In a third option, all town facilities and land in the “triangle” bordered by Route 115 and Route 9 – including Town Hall, the Wescustogo lot and the fire barn – would be sold for commercial development. Consequently, the school would be converted to a full municipal complex, housing all town facilities.

The fourth option calls for the Old Town Hall to be moved to the Wescustogo site, and Phase 1 of the economic development plan to proceed as planned.

That site would be redeveloped for commercial use under the fifth alternative, while the town center plan would proceed, Old Town Hall would be moved to Sharp’s Field, near the current Town Hall, and the school gym would be retained for community use to replace Wescustogo Hall.

People at last week’s meeting spent about a half hour looking at diagrams of each plan before convening to offer their thoughts.

Tara Sasseville said that with students moving out of the school next year to attend an expanded Greely Middle School in Cumberland, “we’re trying to figure out what might be a draw for North Yarmouth, so that roads lead into North Yarmouth, instead of out.”

She noted that a performing arts center is something of interest to School Administrative District 51. Other ideas involve a community center, with amenities like a pool or ice rink, “using the gym space so that the (recreation) programs and adult education could all happen on this site.”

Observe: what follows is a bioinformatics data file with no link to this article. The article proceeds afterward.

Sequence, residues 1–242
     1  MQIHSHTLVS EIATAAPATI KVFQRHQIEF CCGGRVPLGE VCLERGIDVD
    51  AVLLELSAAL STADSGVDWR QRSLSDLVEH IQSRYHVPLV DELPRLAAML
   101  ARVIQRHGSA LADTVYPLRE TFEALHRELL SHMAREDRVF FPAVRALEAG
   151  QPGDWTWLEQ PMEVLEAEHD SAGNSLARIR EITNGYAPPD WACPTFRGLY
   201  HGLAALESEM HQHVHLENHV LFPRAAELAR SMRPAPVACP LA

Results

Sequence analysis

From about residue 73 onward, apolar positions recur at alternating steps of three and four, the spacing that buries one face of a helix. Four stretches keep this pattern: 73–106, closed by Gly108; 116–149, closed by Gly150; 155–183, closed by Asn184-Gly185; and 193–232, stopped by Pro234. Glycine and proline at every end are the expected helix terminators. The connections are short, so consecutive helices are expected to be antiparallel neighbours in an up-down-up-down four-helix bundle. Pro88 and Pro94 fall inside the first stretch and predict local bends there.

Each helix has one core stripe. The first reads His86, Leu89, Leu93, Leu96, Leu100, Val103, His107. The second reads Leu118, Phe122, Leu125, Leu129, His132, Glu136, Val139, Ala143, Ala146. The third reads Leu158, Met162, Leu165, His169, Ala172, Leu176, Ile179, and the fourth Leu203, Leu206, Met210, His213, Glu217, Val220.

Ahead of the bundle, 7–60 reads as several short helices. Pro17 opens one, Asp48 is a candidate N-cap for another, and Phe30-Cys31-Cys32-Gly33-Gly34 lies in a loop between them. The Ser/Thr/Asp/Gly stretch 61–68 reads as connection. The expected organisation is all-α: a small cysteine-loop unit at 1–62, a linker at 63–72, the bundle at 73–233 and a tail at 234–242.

Gary White of Mill Road, a longtime resident and former Planning Board member, said the rising tax rate has been forcing young people to move out of the community.

“I’m a little concerned about that,” he said. “The vibrancy of our community is going to depend over the long run on having some younger people (here).”

White said he would like to see commercial, industrial development encouraged in order to help offset growing school expenses.

Jenny Tuemmler said North Yarmouth is one of the oldest towns in the country, and that the town should build on its history. She pointed out that the town’s open space and rural character are important to its residents.

“I’m afraid if we allow too much business to come in, we’re going to lose that,” she said.